Altoona schools spokesman Tom Bradley said money to pay for fuel comes from the general fund budget, a potluck of money from different sources such as tax revenue and state subsidy.
''We had a rare tax increase this year - due in part to gasoline increases,'' Bradley said.
Altoona Area School District Athletics Director Vince Nedimyer said cutbacks were not made in his department, but the minimum mileage needed to use a coach instead of a school bus was increased from 50 miles to 75.
Portage Area Superintendent Richard Bernazzoli said the district also imposed an idling rule this year and looked at consolidating bus routes, but it did not work out because of the size of the district.
Bernazzoli said the district uses smaller vehicles such as a Suburban, a panel van and truck to save on gas.
He said the school made no cutbacks on traveling to away games and received no requests from other schools.
''Somebody has to travel,'' he said. ''Everybody's in the same boat.''
He said in the district's contract with Wilkinsons Bus Lines specifies that anything above a predetermined amount is split fifty-fifty between the two parties.
He said last year the fuel costs went over budget $25,000, which was taken from the general fund budget.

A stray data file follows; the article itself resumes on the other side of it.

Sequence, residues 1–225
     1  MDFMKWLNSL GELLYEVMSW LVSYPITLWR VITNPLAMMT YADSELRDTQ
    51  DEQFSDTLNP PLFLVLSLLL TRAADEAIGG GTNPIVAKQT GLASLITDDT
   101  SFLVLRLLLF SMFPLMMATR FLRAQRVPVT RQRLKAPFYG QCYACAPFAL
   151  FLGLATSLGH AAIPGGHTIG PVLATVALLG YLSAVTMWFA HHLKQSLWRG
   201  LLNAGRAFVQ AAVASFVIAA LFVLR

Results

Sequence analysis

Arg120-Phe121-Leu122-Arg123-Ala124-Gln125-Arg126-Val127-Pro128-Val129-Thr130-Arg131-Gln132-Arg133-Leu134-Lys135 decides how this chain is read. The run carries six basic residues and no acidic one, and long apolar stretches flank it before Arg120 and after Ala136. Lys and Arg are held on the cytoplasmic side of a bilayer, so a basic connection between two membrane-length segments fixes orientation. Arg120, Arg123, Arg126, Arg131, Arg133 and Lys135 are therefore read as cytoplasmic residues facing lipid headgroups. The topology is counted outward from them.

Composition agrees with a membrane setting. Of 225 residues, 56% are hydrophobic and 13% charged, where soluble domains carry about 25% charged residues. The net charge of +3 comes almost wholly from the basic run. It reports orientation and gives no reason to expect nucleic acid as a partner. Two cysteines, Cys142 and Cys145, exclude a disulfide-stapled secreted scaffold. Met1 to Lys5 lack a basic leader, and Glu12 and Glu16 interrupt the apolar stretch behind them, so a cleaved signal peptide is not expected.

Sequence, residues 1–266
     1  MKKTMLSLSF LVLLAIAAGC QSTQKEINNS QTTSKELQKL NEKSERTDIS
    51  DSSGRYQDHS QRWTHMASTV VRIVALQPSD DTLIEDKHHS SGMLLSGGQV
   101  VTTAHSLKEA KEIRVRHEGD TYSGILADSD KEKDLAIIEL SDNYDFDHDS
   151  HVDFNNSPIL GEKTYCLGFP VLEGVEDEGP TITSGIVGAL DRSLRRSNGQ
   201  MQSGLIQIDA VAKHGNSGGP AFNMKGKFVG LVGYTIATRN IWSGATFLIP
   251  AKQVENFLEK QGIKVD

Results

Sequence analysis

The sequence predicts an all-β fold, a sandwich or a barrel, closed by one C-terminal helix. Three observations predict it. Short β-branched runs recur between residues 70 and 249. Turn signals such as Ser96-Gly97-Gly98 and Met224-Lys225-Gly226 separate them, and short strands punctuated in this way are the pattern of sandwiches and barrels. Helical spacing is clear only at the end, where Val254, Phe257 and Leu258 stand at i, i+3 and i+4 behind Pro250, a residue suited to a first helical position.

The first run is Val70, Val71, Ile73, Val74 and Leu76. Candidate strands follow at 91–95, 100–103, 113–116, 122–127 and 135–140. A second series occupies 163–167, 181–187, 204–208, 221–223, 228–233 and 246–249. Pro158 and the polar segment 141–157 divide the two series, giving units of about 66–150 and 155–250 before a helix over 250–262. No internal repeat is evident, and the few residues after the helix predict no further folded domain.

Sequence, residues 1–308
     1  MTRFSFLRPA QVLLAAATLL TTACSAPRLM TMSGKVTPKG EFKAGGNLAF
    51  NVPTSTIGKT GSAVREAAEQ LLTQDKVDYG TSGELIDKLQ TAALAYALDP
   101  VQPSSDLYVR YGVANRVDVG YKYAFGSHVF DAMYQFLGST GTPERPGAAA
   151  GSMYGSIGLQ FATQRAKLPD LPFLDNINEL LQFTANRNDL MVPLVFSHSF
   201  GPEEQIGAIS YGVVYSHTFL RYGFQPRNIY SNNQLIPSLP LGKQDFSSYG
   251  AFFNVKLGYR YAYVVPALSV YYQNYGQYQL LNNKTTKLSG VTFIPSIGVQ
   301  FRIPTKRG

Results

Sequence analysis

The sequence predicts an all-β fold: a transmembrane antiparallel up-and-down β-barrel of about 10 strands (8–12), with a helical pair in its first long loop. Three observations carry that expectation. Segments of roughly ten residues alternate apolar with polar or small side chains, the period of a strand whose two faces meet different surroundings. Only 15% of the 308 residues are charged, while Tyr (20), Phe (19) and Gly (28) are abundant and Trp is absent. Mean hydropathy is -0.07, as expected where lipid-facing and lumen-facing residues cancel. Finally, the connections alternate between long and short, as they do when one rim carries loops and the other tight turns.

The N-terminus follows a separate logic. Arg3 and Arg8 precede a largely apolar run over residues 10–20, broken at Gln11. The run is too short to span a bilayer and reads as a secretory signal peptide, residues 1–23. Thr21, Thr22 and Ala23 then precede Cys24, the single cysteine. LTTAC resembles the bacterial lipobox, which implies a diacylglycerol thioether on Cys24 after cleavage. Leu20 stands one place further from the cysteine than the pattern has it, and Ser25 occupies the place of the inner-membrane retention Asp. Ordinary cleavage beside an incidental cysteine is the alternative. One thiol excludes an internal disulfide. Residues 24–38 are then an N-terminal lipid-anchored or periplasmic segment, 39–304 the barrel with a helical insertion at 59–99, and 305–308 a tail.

An increase in taxes and cutting corners is enough for now, but if fuel prices continue to rise, changes are coming.
Bernazzoli said if a pattern in high gases looks like it might last for years, the district would look more closely at consolidating, possibly having all grades from kindergarten to 12th starting and ending at the same time.
The government also could step in.
The Rural Fuel for School Act of 2008 introduced by U.S. Sen. Bob Casey Jr., D-Pa., in July is a proposed grant program, which, if passed, could help to temporarily pay a percentage of fuel costs within rural school districts.
The bill is headed to the Committee on Health, Education, Labor and Pensions.
Mirror Staff Writer Amanda Clegg is at 949-7030.